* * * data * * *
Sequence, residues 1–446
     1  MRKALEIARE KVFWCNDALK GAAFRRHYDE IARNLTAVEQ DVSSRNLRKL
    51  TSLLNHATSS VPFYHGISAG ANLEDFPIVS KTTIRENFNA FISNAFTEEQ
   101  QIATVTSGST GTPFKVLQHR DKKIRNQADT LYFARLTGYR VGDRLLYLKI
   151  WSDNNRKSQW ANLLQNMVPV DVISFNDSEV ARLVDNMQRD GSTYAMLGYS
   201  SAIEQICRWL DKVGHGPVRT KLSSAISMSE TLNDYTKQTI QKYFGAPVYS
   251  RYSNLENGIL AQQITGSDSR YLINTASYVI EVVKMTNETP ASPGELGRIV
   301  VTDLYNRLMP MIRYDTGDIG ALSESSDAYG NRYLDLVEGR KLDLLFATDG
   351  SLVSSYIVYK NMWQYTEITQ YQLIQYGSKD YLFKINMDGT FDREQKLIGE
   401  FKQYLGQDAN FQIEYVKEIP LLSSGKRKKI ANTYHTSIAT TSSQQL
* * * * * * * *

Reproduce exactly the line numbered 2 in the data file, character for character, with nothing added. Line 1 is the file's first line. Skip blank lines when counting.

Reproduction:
     1  MRKALEIARE KVFWCNDALK GAAFRRHYDE IARNLTAVEQ DVSSRNLRKL